tv NBC Nightly News With Lester Holt NBC August 23, 2017 5:30pm-6:01pm PDT
maybe, sort of, possibly. 2045 when the total eclipse will passover northern california. coming soon. [ laughter ] ever to hiplash. in between his own calls for unity, president trump goes on an angry 75-minute tirade attacking the media and fellow republicans and threatening a government shutdown the nation's former spy chief now questioning his fitness for office. hurricane watch. a massive storm gaining steam barreling toward the u.s. gulf coast where they're bracing for impact. al roker will join us. crisis in the mail. an eye-opening new look at how the opioid epidemic and drugs ravaging so many families are flowing into the u.s. from china. shopping wars. google teams up with walmart taking aim at amazon. how this new competition among giants could save you money. and a $700 million jackpot. one of the largest in history, the drawing just hours away. are you feeling lucky?
"nightly news" begins right now. from nbc news world headquarters in new york, this is nbc "nightly news" with lester holt. good evening, to our viewers in the west. thank you for being with us tonight. healer or antagonist? the answer may depend on which donald trump you heard over the last 24 hours. after casting himself as the victim of bad news coverage at a fired-up rally in phoenix last night blasting everyone from the media to fellow republicans, the president appeared in nevada today where he returned to a call for unity based on common values. the head-snapping change of tones comes as the nation's former intelligence boss offers a troubling assessment of the commander in chief. our national correspondent peter alexander has more. >> reporter: tonight more white house whiplash. at the american legion national convention in reno, a declaration of unity. >> it is time to heal the wounds that divide us. >> reporter: a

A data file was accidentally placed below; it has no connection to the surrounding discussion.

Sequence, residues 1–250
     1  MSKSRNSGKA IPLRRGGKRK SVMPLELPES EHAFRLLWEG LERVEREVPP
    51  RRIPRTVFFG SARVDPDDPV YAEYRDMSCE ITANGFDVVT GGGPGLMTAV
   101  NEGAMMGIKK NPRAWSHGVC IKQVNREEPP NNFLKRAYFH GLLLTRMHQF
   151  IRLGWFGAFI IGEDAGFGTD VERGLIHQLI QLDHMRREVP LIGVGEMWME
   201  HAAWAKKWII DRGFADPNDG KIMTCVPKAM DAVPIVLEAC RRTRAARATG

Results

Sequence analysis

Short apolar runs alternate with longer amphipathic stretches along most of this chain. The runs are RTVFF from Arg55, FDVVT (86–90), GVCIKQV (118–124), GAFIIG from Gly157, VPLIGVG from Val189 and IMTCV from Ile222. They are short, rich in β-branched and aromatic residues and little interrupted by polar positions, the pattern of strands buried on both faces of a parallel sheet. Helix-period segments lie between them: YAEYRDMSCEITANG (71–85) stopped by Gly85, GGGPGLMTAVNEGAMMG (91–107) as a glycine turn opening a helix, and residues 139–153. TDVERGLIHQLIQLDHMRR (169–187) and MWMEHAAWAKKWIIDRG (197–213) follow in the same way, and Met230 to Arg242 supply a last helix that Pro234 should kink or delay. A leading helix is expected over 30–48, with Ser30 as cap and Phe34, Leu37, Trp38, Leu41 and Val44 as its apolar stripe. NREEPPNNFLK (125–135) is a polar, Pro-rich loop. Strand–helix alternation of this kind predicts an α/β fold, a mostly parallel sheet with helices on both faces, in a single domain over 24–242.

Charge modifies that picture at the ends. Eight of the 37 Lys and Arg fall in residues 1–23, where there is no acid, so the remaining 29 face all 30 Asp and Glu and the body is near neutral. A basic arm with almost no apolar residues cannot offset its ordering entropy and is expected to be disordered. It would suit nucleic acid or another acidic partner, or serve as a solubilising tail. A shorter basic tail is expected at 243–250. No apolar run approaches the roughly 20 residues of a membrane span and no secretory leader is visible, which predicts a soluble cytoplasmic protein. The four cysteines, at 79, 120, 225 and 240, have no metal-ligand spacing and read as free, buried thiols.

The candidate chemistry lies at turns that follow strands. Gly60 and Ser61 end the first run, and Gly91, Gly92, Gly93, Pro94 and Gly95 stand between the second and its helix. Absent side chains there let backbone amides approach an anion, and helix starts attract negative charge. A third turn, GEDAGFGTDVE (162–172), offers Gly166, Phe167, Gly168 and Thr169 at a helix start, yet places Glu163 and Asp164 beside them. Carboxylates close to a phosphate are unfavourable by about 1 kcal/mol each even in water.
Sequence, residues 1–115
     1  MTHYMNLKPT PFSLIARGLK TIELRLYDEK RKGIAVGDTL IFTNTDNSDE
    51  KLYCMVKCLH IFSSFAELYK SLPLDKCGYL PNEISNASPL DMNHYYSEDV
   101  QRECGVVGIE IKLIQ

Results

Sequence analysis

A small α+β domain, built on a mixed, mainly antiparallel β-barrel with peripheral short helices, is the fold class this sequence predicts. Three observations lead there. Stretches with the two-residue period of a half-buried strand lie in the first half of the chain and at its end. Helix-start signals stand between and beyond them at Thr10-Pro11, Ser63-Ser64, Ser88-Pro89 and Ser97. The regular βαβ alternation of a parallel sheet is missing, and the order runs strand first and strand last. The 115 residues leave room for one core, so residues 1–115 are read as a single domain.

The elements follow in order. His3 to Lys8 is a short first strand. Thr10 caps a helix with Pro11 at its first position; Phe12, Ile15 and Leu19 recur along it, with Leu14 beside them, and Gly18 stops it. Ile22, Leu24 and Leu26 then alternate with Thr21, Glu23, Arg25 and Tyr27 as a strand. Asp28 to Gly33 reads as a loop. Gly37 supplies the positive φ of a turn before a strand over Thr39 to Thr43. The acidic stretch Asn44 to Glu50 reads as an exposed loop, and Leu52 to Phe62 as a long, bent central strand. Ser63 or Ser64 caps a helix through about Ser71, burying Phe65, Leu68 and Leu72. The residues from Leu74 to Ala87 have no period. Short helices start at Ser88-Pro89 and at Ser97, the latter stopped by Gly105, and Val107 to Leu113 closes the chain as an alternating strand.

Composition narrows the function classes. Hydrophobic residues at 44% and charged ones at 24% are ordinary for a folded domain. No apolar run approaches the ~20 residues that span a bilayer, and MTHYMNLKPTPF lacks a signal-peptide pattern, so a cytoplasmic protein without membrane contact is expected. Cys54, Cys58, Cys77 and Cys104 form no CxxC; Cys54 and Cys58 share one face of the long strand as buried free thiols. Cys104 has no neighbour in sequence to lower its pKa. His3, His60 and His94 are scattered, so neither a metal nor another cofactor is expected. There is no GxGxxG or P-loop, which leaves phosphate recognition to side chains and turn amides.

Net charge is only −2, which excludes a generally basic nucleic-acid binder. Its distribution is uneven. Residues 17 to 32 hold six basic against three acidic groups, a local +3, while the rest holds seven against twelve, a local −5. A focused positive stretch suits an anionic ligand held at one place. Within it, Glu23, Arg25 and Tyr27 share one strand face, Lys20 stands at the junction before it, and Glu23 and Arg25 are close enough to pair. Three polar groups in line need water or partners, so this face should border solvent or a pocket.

presidential 180 from last night's unbridled offensive in arizona. >> repeal and replace! >> reporter: repeatedly taking aim at the media. >> the very dishonest media. and they're bad people. they don't like our country. i really believe that. >> reporter: president trump abandoning the discipline displayed just 24 hours earlier. his scripted afghanistan speech. instead accusing the press of misrepresenting his highly criticized response to charlottesville. >> they don't want to report that i spoke out forcefully against hatred, bigotry and violence and strongly condemned the neo-nazis, the white supremacists and the kkk. >> reporter: but mr. trump omitted his own most controversial words. >> hatred, bigotry and violence on many sides, on many sides. you also had people that were very fine people on both sides. >> reporter: former director of national